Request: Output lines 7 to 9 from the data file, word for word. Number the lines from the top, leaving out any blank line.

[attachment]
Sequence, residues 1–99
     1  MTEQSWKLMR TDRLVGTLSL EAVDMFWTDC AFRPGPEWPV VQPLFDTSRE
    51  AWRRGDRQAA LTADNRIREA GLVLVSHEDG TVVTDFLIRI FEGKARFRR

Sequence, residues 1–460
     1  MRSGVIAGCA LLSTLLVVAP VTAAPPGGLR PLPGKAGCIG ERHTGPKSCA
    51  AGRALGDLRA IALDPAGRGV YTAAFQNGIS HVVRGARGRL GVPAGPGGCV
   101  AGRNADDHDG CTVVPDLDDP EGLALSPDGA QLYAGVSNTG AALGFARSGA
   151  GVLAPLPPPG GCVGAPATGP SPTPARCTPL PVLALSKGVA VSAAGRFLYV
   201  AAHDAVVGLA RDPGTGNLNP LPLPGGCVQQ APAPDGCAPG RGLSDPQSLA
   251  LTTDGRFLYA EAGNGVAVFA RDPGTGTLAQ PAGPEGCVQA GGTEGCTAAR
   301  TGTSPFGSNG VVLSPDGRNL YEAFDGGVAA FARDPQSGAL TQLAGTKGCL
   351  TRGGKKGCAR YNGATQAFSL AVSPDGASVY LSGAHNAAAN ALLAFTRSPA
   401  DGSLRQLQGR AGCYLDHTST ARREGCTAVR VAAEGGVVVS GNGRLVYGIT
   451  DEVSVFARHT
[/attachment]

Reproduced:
   101  AGRNADDHDG CTVVPDLDDP EGLALSPDGA QLYAGVSNTG AALGFARSGA
   151  GVLAPLPPPG GCVGAPATGP SPTPARCTPL PVLALSKGVA VSAAGRFLYV
   201  AAHDAVVGLA RDPGTGNLNP LPLPGGCVQQ APAPDGCAPG RGLSDPQSLA